You know what, everyone has got their place in the game. Press is still important, radio is still important, but the most important people to me are the people. So when someone like yourselves comes to interview me, I want the people to read it. I don’t care about another magazine or company seeing it. 

I mean, I care about them for what they are but I want to make sure the people who should know know this is coming out. It’s hard enough to have a CD coming out that I’m not in control of, in terms of when it’s out and stuff. It’s Fabric’s CD. So I want people to feel like it’s a Preditah CD as much as a Fabric CD. So I want my people to know, Preditah- he’s not over there he’s still here.

Control of your work is obviously important. A few years ago grime seemed at risk of selling out completely, but has done a decent job protecting itself from mass commercialism. Or are we way off the mark? 

Again it’s the same - it’s a bit of both. For example, I’ve always played grime in my sets for years, even when dubstep was big and house was big, when I’d go to a house night I’d still play grime, because that’s me. But now when grime is so commercial- and when I say that I hope people know I’m a grime guy- it’s almost like playing pop music because everyone knows it.

It feels good in the right places. But if I was in Selfridges playing a set whilst everyone was getting some shopping done and it was supposed to be a grime set I wouldn’t like it. It’s not for Selfridges. I mean it is for Selfridges because you want it to be as big as possible, but to just play the biggest tunes doesn’t mean people know what it is. If I was to play, I don’t know, some deep, unknown artists I feel like people are saying "what’s that?" Whereas if you play Stormzy it’s like, "Oh yeah, that’s grime." 

That’s why grime has got it great, but also a bit commercial, and I don’t want to be commercial. It’s a hard ball to play, but I’m happy for it and everyone is making money off grime now which is great. And one thing I will say about grime is I don’t think it will die out. It has always been the underground sound of the UK, and there’s no way it’s dying out. It’s only going to get bigger.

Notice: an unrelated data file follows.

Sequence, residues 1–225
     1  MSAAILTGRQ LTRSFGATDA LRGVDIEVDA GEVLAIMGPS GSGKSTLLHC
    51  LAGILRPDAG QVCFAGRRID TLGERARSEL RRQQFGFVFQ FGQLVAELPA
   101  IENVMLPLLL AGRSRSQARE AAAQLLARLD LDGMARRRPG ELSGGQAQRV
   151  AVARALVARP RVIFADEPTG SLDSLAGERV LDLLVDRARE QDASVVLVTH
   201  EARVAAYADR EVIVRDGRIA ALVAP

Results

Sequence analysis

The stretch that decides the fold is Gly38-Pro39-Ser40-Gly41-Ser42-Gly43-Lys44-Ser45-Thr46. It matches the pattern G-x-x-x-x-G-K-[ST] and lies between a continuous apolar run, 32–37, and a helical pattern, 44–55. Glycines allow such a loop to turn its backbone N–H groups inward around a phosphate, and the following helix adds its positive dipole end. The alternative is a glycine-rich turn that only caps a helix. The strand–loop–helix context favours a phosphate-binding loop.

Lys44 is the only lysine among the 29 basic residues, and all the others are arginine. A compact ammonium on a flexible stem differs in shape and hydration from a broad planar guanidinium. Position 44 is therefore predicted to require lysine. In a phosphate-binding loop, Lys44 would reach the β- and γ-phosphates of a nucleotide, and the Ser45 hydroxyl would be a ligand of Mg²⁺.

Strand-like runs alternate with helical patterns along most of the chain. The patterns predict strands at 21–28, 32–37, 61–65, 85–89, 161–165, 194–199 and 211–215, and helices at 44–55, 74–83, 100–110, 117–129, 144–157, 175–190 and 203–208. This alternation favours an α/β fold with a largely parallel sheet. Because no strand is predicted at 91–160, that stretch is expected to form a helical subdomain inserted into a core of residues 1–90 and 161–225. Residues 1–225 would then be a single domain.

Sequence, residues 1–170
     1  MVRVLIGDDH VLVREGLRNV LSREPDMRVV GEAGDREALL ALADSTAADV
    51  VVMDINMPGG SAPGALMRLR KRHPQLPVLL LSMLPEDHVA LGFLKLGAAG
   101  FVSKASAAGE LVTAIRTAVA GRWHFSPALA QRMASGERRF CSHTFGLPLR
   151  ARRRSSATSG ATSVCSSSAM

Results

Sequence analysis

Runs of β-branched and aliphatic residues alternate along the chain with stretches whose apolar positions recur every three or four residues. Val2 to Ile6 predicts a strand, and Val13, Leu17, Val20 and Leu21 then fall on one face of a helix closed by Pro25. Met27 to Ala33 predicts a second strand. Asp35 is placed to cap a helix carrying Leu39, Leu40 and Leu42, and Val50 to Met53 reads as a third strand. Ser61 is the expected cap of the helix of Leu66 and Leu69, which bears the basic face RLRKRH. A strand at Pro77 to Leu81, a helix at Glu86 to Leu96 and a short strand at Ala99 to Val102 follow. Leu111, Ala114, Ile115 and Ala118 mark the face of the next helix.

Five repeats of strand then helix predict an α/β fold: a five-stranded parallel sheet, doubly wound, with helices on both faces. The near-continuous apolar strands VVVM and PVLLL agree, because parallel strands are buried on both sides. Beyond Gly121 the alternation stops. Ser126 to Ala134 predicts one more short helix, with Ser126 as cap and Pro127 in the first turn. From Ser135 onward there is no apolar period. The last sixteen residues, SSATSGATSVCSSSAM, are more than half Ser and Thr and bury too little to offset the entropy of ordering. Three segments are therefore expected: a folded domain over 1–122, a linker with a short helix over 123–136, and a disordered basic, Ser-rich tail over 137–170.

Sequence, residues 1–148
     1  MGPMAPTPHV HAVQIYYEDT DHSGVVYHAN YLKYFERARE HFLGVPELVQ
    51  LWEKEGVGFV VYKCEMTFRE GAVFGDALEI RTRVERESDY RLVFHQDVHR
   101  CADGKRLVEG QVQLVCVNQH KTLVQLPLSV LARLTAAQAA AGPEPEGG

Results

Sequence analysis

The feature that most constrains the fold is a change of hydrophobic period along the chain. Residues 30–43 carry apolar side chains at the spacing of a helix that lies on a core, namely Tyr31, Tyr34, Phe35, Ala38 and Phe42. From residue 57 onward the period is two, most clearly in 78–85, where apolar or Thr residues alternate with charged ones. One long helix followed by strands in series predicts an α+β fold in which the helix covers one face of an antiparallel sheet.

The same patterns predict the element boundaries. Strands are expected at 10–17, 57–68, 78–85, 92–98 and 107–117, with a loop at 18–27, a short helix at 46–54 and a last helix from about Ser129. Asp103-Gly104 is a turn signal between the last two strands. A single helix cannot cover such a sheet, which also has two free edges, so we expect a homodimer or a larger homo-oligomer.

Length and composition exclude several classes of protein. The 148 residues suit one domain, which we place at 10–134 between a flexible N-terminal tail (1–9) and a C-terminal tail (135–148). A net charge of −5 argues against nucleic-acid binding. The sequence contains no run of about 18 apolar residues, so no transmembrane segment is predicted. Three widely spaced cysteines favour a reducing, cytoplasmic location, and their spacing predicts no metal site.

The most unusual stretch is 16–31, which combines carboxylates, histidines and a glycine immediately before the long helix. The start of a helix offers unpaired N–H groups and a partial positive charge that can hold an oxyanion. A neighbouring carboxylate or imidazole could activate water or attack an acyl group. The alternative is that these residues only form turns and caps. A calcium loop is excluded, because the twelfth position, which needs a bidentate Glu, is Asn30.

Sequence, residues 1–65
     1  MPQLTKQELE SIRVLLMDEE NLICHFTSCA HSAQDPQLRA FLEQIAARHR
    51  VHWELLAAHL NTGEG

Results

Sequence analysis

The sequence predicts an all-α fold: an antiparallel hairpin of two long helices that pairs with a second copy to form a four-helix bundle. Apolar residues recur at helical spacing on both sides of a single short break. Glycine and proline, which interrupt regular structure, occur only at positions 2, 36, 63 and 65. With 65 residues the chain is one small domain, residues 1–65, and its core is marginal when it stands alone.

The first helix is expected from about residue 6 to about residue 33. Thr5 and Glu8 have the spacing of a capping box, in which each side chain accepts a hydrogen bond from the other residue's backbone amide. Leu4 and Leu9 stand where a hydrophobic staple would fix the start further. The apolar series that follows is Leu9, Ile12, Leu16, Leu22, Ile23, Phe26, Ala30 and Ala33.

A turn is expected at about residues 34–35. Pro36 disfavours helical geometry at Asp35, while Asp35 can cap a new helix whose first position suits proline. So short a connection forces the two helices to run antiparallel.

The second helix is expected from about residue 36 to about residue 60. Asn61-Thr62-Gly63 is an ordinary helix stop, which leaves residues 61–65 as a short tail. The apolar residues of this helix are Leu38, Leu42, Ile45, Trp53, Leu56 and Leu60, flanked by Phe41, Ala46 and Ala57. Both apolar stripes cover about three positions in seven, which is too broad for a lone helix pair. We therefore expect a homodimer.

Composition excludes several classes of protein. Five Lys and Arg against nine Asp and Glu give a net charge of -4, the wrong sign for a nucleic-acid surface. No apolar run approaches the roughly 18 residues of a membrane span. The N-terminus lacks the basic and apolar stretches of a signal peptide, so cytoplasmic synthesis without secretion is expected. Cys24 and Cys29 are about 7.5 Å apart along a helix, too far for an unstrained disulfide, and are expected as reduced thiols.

A lot has been said about grime crews outside London recently. How is Birmingham on that front? 

There aren't any crews in Birmingham anymore. Or if there are I’m none the wiser. Birmingham has a massive grime fan base, but there aren't enough grime nights in the city to really see that. When I'm in Birmingham people of all ages and cultures know what I’ve done because of grime, so I know there’s a big following there. There have been some big nights in Birmingham that have sold out, loads of people, loads of girls as well, but there aren't enough events still.

Why do you think that is? 

Birmingham can be a very serious place to be fair. It’s not a joke. It used to be a really serious place. So it’s the usual story with police and stuff - nightclubs, the whole grime scene. It’s a very urban city. But I think that will change eventually.

In terms of authorities and their stance towards grime? 

I remember there was this Eskimo Dance event that was sold out, and there were no problems at all there. And I remember security at the time saying "Oh, we’ll do more events like this from now on", and there has been. But it’s more about the promoters putting stuff on rather than the police.

It seems to be a problem in a lot of the country - huge following but not enough grime events. 

Definitely mate.

What events have you got coming up though? 

Well, although I’m a DJ first and foremost I'm a music producer and have a lot of music coming out, aside from this CD. Yeah man, I’m really inspired at the moment. I pretty much travel the world through DJing, and every time I’ve been out somewhere like Australia I’ve thought "friggin’ hell man, you don’t really know about grime or even bass music", so I need to get back in the studio and make some more. It’s exciting times really. I’m going to be releasing a lot of other people’s music on my own label, too.

How’s the label going? 

Really well. At the moment I’ve got Bassboy on there who’s my mate and will be adding more people over time. It’s more about releases really. So hopefully will have a DJ Q EP coming out, and a Disclosure one. It’s more about putting out what I like.

In terms of the practicalities of running a label, how have you found that? 

To be fair it hasn’t been that deep yet. It’s still early days so there haven’t been any problems yet. But we’ll see. I don’t really want to gas too much as a lot of people gas about their stuff too much.

Finally, what summer plans have you got? 

Well I’m at pretty much most of the big festivals, and then Ibiza for Ibiza Rocks and I have a residency at Eden, so yeah should be good man. That’s another point to make- festival season this year is going to show everyone how big grime is- not just me but everyone involved in the scene.

Find upcoming Preditah gigs.

FABRICLIVE.92 with Preditah is out now.